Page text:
Execution of Search Warrants

From Criminal Law Notebook
Revision as of 20:17, 17 January 2023 by Admin (talk | contribs)
This page was last substantively updated or reviewed January 2023. (Rev. # 82400)

Scope of Search Warrant Powers

A warrant that authorizes a search of a location for a thing "confers on those executing that warrant the authority to conduct a reasonable examination of anything at that location within which the specified things might be found."[1]

Framed differently, an authorization to search a place generally permits searches of receptacles within that place.[2]

However, a residential warrant permitting the search of a residence cannot grant the authorization to search electronic devices. Devices found must be searched under authorization of another warrant or must be specially authorized by the residential warrant.[3] The "receptacle rule" does not apply.[4]

Once an officer enters a premises under a valid warrant during the specified time frame, the warrant remains operative until the search is complete and the officers leave.[5]

Officers conducting a search are entitled to "ensure a potentially volatile situation was under control" and during this time they are able to deny any detainee of their right to counsel.[6]

A search does not become unreasonable simply because, during the execution of the warrant, the police are anticipating to find evidence of other offences.[7]

A particular "method of search should only… be found to be unreasonable if that means that no lawful search has any real prospect of being effective."[8]

The reasonableness of a search will sometimes turn on "the amount of information the police must have before deciding how the search will be conducted, and the level of risk they must tolerate as a result of the way the searches conducted."[9]

Delivering a Copy of Warrant

When executing a s. 487 warrant it is required under s. 487.093 to give a copy of the warrant and a Form 5.1 to the person "ostensibly in control" of the place being searched. If no one is present, then the two documents must be affixed somewhere prominent.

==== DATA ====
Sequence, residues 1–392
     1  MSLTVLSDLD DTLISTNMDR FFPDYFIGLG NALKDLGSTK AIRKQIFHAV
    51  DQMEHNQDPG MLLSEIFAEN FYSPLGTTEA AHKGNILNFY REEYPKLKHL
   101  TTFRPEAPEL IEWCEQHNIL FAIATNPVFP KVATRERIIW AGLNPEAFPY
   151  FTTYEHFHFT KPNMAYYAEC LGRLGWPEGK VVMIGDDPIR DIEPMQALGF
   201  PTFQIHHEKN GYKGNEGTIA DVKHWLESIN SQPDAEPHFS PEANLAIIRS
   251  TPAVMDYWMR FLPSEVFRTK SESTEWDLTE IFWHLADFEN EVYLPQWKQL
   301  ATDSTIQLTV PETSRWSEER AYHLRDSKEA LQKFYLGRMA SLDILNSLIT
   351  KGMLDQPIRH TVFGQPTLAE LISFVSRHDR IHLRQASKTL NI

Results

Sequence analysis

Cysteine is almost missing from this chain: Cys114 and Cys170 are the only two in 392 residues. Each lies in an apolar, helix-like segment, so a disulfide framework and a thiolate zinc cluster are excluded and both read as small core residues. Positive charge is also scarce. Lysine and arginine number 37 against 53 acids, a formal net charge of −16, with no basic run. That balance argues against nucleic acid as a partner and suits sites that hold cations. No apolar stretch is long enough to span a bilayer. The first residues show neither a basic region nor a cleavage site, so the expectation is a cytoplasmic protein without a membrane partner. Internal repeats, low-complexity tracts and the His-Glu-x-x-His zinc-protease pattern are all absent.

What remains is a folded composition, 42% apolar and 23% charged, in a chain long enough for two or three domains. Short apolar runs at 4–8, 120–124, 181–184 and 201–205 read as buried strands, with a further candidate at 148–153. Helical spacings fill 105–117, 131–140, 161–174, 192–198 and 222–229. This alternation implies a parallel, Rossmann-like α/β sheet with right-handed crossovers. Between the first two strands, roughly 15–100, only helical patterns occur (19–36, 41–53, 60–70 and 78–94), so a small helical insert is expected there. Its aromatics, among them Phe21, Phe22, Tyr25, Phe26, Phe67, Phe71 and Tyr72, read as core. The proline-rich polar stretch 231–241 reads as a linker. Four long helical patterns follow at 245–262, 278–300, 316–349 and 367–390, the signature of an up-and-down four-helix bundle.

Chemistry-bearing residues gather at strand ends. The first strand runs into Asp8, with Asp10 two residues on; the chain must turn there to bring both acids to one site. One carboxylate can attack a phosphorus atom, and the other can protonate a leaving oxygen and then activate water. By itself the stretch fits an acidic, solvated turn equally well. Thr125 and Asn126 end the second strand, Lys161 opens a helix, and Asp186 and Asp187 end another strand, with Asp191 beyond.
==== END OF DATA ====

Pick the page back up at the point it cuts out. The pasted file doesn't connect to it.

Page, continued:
Wearing Masks During Search

The wearing of masks by police officers will not render a reasonable search unreasonable and vice versa. [10]

Single Entry and Exit Rule

A search warrant only permits a single time entry into the place. The entry however may be for an extended period of time.[11]

"Fellow Officer test"

The scope of the search warrant should be discernible from the face of the text without the benefit of the ITO. The warrant should satisfy the "fellow officer" test which states that "a fellow officer be able to understand the items sought and the location to be searched as a result of reviewing the face of the warrant".[12]

Duration of Search

Once the police enter into the premises within the window of time specified by the warrant, the "warrant remains operative until the police complete their search and finally leave the premises."[13] The police may stay in the residence beyond the authorized time limit to finish their search.[14]

However, once the search is finished the police must leave immediately.[15] Once departed, the police may not re-enter without a new authorization.[16]

Officer Safety

While executing a search warrant the police may perform searches that are not authorized within the warrant for the purposes of officer safety.[17]